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This article is about the boss in Devil May Cry 5. You may be looking for the Devil Arm of the same name in Devil May Cry 4.

Gilgamesh is one of the bosses in Devil May Cry 5 that Nero has to face in Mission 6. A fragment of Gilgamesh is later used by Nico to make the Devil Breaker Rawhide.


Gilgamesh is a titanic demon, similar to an insect, with four legs and an elongated body similar to a cockroach, though with disproportionately long legs. It has two tendrils which extend from its sides which it uses to create lightning like blasts.

It is not in fact a demon from the underworld in its own right, but roots of the Qliphoth encased in the supernatural metal from which it derives its name.


Gilgamesh is first encountered by V after he slays Nidhogg. V initially intends to avoid Gilgamesh as he lacks the strength to face the behemoth head on, but it notices him and opens fire. Gilgamesh's energy blasts destroy the ground under V's feet, sending him into the sewers. He eventually arrives at the bottom of a shipyard, Gilgamesh still pursuing him as it smashes its legs through the ceiling in an attempt to crush him.

Around this time, Nero sees Gilgamesh heading through the shipyards and decides to attack the demon, deeming it too dangerous to be left wandering. Through collaborative efforts with V, Nero defeats the demon. A recovered chunk of metal from the creature is then used by Nico to fabricate a new Devil Breaker.


Nico's Enemy Report - Gilgamesh

Gilgamesh is a kind of metal that can be mined from the bedrock of the underworld. Fuse it with demon flesh, and you've got armor harder than steel.
That's what we got here. Seems somebody decided to fuse the roots of the Qliphoth with a batch of Gilgamesh, and before you know it there's a three-story metal demon walkin' around.
The really rad thing about Gilgamesh is that it can create shockwaves outta thin air. That's how this varmint was blowin' things up from a distance—and it means runnin' don't do you no good.
If you want to kill somethin' like this, you gotta get up close 'n' personal.


Main article: Rawhide


The fight is fairly straight forward on Human and Devil Hunter difficulties. Attacking the nodes on Gilgamesh's legs will allow Nero to use them as anchor points to launch onto its back. Once there, attack its main node to do damage. After some damage is done, the node will retract and Gilgamesh's back will begin to bubble as the demon tilts. With some maneuvering and careful timing, the player can jump to avoid the spikes the come up from the bubbling sections and land back on Gilgamesh to continue the attack when its core is revealed. Should this tactic fail, simply repeat the process to get onto Gilgamesh's back.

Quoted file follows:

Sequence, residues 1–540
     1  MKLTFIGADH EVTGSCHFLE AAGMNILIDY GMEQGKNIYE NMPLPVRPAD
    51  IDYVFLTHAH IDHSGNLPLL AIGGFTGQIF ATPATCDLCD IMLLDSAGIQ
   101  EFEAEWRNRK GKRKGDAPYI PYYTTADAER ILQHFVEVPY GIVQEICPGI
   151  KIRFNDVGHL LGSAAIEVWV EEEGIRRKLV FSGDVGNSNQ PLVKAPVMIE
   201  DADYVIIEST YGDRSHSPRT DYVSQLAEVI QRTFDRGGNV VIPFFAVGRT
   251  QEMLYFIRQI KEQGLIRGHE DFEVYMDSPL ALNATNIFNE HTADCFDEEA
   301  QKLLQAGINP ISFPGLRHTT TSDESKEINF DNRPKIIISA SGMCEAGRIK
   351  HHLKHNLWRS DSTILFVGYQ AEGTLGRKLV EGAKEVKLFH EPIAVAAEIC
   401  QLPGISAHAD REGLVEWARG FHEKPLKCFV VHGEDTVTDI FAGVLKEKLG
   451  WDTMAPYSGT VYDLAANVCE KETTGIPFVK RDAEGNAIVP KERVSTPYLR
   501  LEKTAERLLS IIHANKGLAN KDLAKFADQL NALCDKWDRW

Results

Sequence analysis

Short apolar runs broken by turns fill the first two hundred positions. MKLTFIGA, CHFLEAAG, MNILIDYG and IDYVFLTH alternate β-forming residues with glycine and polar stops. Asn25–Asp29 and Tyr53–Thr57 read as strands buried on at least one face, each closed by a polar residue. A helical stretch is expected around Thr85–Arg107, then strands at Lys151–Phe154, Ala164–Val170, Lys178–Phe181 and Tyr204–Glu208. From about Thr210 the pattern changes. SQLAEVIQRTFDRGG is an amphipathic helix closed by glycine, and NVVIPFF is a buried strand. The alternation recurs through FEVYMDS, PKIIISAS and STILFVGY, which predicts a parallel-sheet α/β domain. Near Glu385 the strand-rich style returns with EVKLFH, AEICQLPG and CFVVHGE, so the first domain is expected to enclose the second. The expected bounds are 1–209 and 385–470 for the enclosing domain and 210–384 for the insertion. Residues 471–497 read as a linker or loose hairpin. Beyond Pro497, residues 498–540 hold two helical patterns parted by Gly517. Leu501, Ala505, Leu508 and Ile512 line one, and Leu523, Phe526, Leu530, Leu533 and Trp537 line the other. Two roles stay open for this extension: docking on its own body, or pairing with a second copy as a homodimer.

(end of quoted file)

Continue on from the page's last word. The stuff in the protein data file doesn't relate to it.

Gilgamesh will launch lightning blasts from its tendrils throughout the battle, but these are really only a problem when attacking the central node. Use of the Gerbera Devil Breaker will allow the player to repel or dodge these attacks as they see fit, but failing that, moving behind the node can prove effective at avoiding the fire.

Appearances in Other Media[]


The Gilgamesh does not have a card of its own, instead it is featured in the background of one of Nero's cards (No. NERO 013).


Main article: Gilgamesh (Devil Arm)

Its image may refer to Bull of Heaven, a divine beast that attack on Uruk. When Gilgamesh rejected the goddess Inanna's courtship, the angry Inanna asked her father, lord of the sky Anu, to give a bull for her. She sent it to attack Gilgamesh, but Gilgamesh and Enkidu killed the bull and as punishment, one of them had to die, Enkidu was punished. Some scholars consider that Gugalanna is the same character as the Bull of Heaven, he is the husband of Ereshkigal, the goddess of the underworld.


  • In Devil May Cry 4, Dante obtains a Devil Arm known as Gilgamesh. It is revealed in Devil May Cry 5 that Gilgamesh is actually the demon metal that the Devil Arm was made from.
  • Gilgamesh is one of the bosses not present in the Bloody Palace.
  • Gilgamesh was a hard enemy to create due to the developers wanting a specific design for it, Hideaki Itsuno mentioned that communicating how Gilgamesh was supposed to look between the artists was difficult.[1]